Senators want provisions removed from enviro bill

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Thirteen DFL senators sent a letter to Senate Majority Leader Tom Bakk Thursday requesting that several controversial policy provisions be taken out of the environment budget bill the Senate passed last week.

The letter comes a day after Gov. Mark Dayton called some of the provisions "ill-advised" during a news conference.

During the floor debate on SF 2101 on April 22 (Earth Day, as senators noted in their letter), several policy amendments were added. While the group of DFL senators voted against the amendments, most of them voted in favor of the overall omnibus bill.

The amendments at issue:

  • A provision on providing competitive electricity rates for energy intensive industries

  • A provision to require a cost analysis of some water quality standards and give the Legislature a chance to weigh in

  • A provision to require an "independent peer review" of water quality standards that meet a certain cost threshold

The senators said they objected to the energy amendment because it did not "represent the policy which actually passed the Environment and Energy Policy Committee -- rather it is language which has not been vetted but has statewide impact and significant consumer protection issues."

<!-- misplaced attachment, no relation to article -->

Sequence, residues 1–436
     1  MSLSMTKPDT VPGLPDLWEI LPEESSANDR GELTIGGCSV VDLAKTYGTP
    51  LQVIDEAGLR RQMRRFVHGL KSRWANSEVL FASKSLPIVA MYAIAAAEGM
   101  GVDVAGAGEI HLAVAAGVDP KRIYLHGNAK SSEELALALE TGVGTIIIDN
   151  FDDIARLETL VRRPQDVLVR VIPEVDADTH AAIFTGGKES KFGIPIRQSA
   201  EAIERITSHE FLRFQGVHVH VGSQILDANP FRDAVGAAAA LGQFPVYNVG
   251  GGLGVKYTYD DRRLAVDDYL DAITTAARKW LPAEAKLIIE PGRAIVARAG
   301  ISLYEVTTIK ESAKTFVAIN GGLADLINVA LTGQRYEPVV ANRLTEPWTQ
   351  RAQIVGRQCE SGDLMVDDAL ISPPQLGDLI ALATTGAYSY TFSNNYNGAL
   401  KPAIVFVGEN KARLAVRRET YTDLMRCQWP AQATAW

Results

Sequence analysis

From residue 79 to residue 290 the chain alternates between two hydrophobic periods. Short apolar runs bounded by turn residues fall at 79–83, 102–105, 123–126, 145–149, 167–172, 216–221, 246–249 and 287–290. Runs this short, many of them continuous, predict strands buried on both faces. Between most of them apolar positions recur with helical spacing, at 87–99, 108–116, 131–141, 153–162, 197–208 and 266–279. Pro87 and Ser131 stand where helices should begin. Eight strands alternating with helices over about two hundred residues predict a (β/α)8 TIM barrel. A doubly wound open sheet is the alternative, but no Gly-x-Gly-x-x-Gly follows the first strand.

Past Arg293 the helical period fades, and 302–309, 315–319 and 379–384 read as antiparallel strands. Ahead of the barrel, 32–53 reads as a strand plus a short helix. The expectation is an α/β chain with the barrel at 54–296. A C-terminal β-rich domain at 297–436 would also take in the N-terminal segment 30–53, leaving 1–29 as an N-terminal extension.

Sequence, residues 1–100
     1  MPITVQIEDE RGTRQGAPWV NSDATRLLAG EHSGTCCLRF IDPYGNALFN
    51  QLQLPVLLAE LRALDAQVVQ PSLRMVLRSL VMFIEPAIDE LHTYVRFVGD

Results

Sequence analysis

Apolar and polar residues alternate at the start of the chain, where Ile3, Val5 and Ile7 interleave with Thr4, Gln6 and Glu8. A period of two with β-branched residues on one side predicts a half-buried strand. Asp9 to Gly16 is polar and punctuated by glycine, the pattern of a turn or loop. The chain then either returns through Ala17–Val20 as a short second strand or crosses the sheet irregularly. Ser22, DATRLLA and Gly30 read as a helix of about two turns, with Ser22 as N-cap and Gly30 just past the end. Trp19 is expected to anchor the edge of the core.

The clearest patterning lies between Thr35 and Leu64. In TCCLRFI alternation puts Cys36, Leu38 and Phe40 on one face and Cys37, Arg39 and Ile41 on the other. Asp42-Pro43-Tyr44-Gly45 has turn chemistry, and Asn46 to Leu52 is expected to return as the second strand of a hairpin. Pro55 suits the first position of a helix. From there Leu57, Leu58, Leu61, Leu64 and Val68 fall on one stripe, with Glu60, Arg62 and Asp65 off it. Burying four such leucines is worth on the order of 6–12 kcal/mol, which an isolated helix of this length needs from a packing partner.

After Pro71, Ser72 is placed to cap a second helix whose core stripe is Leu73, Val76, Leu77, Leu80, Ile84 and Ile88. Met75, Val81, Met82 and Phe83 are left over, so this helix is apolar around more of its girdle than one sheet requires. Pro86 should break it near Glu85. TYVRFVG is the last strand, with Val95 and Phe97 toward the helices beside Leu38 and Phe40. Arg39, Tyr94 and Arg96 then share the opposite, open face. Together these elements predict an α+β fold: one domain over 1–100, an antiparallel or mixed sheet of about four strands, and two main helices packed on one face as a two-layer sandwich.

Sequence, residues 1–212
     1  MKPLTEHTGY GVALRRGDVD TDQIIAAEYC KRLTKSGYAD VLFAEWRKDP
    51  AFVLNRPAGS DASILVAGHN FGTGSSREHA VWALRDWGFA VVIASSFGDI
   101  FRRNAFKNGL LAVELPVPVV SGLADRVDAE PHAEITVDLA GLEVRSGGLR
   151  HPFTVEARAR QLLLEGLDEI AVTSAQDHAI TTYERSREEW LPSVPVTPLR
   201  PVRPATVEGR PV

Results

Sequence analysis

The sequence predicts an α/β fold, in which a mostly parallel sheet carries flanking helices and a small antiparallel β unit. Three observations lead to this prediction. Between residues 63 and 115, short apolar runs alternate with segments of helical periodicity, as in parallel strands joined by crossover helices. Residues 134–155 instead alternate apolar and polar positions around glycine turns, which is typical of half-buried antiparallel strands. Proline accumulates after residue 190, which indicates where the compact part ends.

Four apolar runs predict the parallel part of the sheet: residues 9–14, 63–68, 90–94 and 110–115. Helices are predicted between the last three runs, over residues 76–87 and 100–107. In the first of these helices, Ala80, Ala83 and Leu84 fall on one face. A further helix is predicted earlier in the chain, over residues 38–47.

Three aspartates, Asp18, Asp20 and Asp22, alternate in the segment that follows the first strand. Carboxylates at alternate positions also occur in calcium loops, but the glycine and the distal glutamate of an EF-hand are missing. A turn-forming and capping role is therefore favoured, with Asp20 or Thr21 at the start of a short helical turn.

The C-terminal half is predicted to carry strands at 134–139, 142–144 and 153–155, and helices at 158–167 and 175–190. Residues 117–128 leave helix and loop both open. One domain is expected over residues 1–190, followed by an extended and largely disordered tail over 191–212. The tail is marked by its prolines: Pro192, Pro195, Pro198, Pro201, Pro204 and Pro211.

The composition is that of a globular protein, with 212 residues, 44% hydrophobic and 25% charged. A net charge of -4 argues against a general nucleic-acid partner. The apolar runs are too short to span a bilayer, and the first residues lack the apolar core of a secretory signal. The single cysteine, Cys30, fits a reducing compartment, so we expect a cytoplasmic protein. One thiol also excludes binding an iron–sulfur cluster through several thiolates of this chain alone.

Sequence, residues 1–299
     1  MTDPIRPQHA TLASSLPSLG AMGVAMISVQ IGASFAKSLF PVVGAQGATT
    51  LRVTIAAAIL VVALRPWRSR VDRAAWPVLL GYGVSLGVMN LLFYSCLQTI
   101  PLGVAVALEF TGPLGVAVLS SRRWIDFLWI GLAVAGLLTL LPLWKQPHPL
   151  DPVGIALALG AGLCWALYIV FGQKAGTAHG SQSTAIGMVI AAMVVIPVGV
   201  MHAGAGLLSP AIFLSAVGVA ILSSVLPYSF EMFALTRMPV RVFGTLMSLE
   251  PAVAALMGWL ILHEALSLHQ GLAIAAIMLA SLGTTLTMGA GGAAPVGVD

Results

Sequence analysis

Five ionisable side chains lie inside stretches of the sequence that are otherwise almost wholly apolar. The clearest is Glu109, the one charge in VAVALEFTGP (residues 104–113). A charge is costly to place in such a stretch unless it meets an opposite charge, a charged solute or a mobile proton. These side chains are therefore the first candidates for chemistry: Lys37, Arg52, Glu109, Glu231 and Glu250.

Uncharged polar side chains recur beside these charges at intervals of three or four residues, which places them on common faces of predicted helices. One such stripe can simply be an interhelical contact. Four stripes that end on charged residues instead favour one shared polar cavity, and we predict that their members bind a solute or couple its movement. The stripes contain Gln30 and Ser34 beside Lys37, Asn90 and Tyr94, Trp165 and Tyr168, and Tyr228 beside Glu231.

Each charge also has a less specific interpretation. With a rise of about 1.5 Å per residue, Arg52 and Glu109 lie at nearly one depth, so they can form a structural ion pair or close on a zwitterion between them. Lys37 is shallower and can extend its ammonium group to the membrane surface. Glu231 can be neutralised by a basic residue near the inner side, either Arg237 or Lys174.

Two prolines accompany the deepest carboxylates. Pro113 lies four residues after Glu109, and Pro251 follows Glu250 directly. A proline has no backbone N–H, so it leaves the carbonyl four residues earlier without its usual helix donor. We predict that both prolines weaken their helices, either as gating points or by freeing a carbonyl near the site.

And the senators said the water amendments "are simply bad for Minnesota."

During a news conference with the Minnesota Pollution Control Agency on Wednesday releasing a new report on water pollution, Dayton said a regulatory agency that is popular with the people it's regulating "is not doing its job."

"Somebody's got to have objectivity, got to have a scientific background that's going to balance the concerns of industry with the protection of our people, and to have subsequent re-review by [the legislative branch] based on who can scream the loudest I don't think is constructive to the process," Dayton said. "I just would really urge legislative restraint in terms of intruding onto the proper responsibilities of the executive branch, particularly our regulatory functions."

The Senate has generally separated its budget bills from controversial policy, the senators noted, "with this one glaring exception." They said the GOP-controlled House companion budget bills contain many controversial policy provisions.

Lawmakers have less than three weeks to work out their differences.

Read the letter:

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